The Long and Winding Road to Real Reform
(This article first appeared in the July/August 2012 issue of The American Postal Worker magazine.)
Are you ready for a busy summer? I hope so, because it looks like APWU members will need to spend much of the season persuading members of Congress that enacting customer-friendly, worker-friendly postal reform legislation is absolutely necessary — and urgent.
Although the Senate passed a bipartisan postal reform bill in April, the Republican-controlled House of Representatives hasn’t been in any hurry to address the issue — despite the fact that the USPS is beginning to consolidate mail processing facilities and will start downgrading service standards effective July 1. The Postal Service also plans to slash hours at thousands upon thousands of post offices in the near future.
We have been urging House members to take up postal legislation quickly, and to use the Senate bill (S. 1789) as the starting point for their discussion. Although the Senate bill is flawed, it would provide some short-term relief.
But Republican leaders in the House have indicated that when they debate postal legislation — probably in July — they plan to consider H.R. 2309, a reckless bill sponsored by Rep. Darrell Issa (R-CA) and Rep. Dennis Ross (R-FL) that would destroy service and have a devastating effect on the USPS and on postal employees.
The bill would gut collective bargaining — prohibiting postal unions and the USPS from negotiating protection against layoffs, and allowing an appointed board to reject labor contracts it considers too costly.
The legislation also calls for $3 billion in cuts to mail processing facilities and post offices in two years, which would cause massive disruptions in service and upheaval for our members.
‘No’ to H.R. 2309
Although APWU members want to see meaningful postal legislation enacted, we cannot, under any circumstances, tolerate H.R. 2309. Fortunately, there has been a lot of resistance to the bill, from postal unions, customers, rural communities, companies that rely on the mail to conduct business and many members of Congress.
Despite stiff opposition, however, Republican leaders have been trying to win support for the measure. Rep. Issa has appealed to representatives of rural areas, who have been outspoken opponents of closing the post offices that serve their communities, by offering to support amendments to limit the closing of the nation’s smallest post offices.
So, we have our work cut out for us under complicated and changing conditions. We must continue to fight for real reform, while beating back bills — labeled “reform” — that would destroy the USPS, our jobs, and the service we provide the American people.
A Big Effect
Throughout the last year-and-a-half, APWU members across the country have done a great job of taking our message to members of Congress and the American people despite all the twists and turns.
Our efforts have clearly had an effect: The Senate bill (S. 1789) was improved as a result of our work, and media coverage has improved as well. Now, the press routinely points out that the USPS doesn’t rely on tax dollars. And reporters frequently explain that the true cause of the USPS financial crisis is the requirement to pre-fund healthcare benefits for future retirees, a burden no other government agency or private company bears.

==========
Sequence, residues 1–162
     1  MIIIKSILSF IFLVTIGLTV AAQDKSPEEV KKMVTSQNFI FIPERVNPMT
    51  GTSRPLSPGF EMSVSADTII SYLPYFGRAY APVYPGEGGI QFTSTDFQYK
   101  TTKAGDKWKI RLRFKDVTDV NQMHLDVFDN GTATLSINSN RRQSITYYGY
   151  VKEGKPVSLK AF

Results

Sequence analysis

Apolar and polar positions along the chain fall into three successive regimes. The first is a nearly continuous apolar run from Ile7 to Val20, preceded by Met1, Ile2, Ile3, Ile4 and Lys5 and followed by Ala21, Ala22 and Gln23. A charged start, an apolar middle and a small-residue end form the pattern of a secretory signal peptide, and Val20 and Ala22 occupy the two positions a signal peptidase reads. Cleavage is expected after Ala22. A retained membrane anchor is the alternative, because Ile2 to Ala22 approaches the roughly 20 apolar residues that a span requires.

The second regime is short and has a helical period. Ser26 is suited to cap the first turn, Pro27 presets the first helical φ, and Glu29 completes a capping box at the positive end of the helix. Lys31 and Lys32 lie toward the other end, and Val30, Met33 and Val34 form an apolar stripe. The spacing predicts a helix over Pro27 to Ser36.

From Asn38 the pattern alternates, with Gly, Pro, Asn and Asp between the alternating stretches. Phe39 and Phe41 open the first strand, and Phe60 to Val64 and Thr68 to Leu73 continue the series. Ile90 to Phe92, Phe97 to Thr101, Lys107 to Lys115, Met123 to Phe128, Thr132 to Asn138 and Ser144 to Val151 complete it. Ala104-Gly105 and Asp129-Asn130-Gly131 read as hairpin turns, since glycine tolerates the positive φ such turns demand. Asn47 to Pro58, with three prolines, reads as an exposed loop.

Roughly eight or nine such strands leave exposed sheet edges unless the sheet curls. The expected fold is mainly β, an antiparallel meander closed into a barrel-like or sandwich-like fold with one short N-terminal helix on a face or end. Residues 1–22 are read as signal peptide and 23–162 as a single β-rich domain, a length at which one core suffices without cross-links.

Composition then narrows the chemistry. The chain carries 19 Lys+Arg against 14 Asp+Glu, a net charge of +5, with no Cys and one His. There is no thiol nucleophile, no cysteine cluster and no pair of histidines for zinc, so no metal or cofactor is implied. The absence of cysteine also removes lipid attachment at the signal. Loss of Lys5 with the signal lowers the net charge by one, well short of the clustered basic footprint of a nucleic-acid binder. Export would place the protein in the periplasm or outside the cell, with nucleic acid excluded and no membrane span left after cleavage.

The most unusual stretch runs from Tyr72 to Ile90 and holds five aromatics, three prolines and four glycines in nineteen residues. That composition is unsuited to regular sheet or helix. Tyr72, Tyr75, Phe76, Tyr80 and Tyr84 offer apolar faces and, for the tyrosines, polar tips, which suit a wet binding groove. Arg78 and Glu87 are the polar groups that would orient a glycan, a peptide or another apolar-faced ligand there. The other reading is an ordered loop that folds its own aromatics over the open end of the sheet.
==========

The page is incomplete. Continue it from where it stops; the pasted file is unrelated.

In short, our work has influenced legislation and has shaped the nation’s debate about the future of the U.S. Postal Service.
But, as anyone who watches the national news knows, our political system is broken. Extremists in Congress have refused to compromise on issues large and small, and have showed a willingness to take our government to the brink of bankruptcy. Unfortunately, some politicians would be only too happy to watch the Postal Service go under.
So, the future of real postal reform legislation is uncertain — and that means your future is uncertain as well. But the road forward is clear: We must continue the fight to save our nation’s mail service, while we oppose con artists who talk about “reform” but offer a program to destroy the USPS.
A Busy Fall, Too
And the bottom line is this: As long as the House of Representatives is controlled by politicians who vilify government, government employees, postal workers and unions, we won’t be able to make lasting progress. As long as politicians who serve the richest 1 percent at the expense of the 99 percent dominate Congress, we won’t be able to catch a break.
So we better get busy. November’s elections present an opportunity to change the political dynamic, but it won’t be easy. Our opponents will be well financed by anonymous donors, but we have numbers on our side.
We must organize an army of APWU members to work for pro-worker, pro-postal candidates in the fall. We will be calling on members to volunteer for this important work. Are you in?
Informal Discussions on Early-Outs, Incentives
As The American Postal Worker goes to print, the APWU has engaged in several informal conversations with the Postal Service about financial incentives for retirements and separations, but no official offers have been made or discussed.
We expect the Postal Service to make a formal request to negotiate over early-outs and incentives after several other outstanding issues have been addressed.
APWU members will be notified of developments.